Capturing the Bigarray indexing syntax

Currently, Owl has a multidimensional Array module which uses only Bigarray.Genarray.t and never the specialized Array{1,2,3}.t. The best syntax Owl can currently provide for array element access is e.g. a.%{[|0|]} . Compared to a.{0} that’s twice the number of characters. Considering element access is very common, this is annoying.

Using a trick, it is possible to repurpose the indexing syntax of standard OCaml modules.
It goes as follows:

module S = struct 
  include String 
  let get s i = 
    let c = String.get s i in
    print_endline "getting the character for you!"; c
module String = S

Is it possible to do a similar thing for Bigarray.Array{1,2,3} and Bigarray.Genarray simultaneously, so that in the end, one could have a module Arr with a single type which would support all of the following:

let a, b, c, d = Arr.(zeros [|1|], zeros [|1;1|], zeros [|1;1;1|] , zeros [|1;1;1;1|])
open Arr (* or whatever is required *)
let element_list = [a.{0}, b.{0,0}, c.{0,0,0}, d.{0,0,0,0}]

and where a.{0,0} would raise a runtime error? The idea is that opening Arr (or maybe redefining Bigarray.Array{1,2,3} in some way) would capture and reuse the various Bigarray indexing syntaxes. It’s ok if Bigarray gets butchered in the process – access to arrays is handled by Arr anyway.

How often do you need to index multidimensional array of generic dimension? It seems perfectly doable to do have an indexing submodule by dimension:

 vec.Vec.%{ k }, mat.Mat.%{i,j}, t4.T4.%{i,j,k,l} 

This is why @lpw25 rightly insisted to have the qualified syntax in 4.06 . Then, the generic syntax will be only used for the rare very high dimensional array.

If you really need a better syntax for array of generic dimension, please open a ticket on Mantis with a good motivating example, rather than try to hijack the Bigarray module.There are still some room in the 4.06 syntax to interpret x.!{ 1; 2; 3 } as x.!{ [| 1; 2; 3 |] } or x.!{[1;2;3]}, but this is not the case anymore in the dev version of 4.07.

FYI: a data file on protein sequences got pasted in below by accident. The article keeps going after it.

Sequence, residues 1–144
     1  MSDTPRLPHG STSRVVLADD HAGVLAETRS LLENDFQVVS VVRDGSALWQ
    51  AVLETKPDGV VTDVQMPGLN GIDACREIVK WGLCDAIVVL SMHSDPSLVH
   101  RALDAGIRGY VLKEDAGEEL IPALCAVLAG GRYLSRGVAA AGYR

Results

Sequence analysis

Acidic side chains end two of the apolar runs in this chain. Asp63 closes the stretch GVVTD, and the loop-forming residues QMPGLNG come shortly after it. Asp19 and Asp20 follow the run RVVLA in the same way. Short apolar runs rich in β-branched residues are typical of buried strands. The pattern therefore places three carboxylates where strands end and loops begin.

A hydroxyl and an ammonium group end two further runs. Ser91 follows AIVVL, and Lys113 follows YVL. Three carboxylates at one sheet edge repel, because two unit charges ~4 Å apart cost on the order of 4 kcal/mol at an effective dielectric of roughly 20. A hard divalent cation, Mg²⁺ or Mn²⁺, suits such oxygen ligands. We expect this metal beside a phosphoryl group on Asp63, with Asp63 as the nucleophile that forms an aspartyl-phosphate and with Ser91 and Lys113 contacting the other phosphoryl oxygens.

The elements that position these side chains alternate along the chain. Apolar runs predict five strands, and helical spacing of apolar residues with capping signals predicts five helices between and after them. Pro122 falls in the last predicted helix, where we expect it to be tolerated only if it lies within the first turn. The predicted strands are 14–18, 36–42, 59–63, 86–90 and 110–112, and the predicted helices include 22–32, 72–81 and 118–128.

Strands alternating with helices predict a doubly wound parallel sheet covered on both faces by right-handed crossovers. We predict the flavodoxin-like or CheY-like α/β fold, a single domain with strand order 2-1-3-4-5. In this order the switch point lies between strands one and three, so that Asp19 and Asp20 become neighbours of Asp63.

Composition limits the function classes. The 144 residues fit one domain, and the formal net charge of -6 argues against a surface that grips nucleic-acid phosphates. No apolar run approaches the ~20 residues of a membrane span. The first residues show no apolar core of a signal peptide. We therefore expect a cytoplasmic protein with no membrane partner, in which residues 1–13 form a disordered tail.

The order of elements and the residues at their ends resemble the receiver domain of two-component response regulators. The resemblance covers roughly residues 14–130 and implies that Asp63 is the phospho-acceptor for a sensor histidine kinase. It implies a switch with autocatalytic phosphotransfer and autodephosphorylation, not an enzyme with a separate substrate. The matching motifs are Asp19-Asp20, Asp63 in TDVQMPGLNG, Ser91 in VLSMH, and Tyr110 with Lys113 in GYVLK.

p.s. : to answer, yes it is possible to hijack the Bigarray module, but you need to define the indexing function in each submodule of Bigarray (i.e. Genarray, Array1, Array2 and Array3).

Thanks for this input. I agree that fixed-dimension modules are useful, and indeed there already is a Mat module and I believe Vec is planned. However, a uniform n-dimensional Array type is still useful. For instance, one may want to take slices of it along one or more dimensions, which may reduce the dimensionality in dynamic (i.e. only known at runtime) ways. Or one can increase dimensionality by grouping etc.

While I admit that true dynamic dimensionality is probably rather rare, I would say it’s quite common to freely manipulate the shape and dimensionality of generic arrays in numerical computing. If one later wants to index the result, it would be a bit unnatural to have to resort to specialized modules whenever it happens to be 1,2,3-dimensional IMO.

I think x.!{1;2;3} etc would be a satisfying solution. (I guess x.!{1,2,3} is already interpreted as a tuple of fixed length?)

This is indeed the case.

x.%{1; 2; 3} seems a very good solution to me if this can be associated with Genarray.get/set. This will make Owl’s applications even more concise and readable.

x.!{...} has been associated with Owl’s fancy indexing :slight_smile:

I opened an issue on Mantis

For the record:


This issue has priority ‘feature’. IIUC, @octachron suggested that it would not be possible to add new syntax in 4.07? Does this mean I should try to increase the priority?

I think feature is the right priority. It might be harder to change the syntax after 4.07, but this is not an absolute.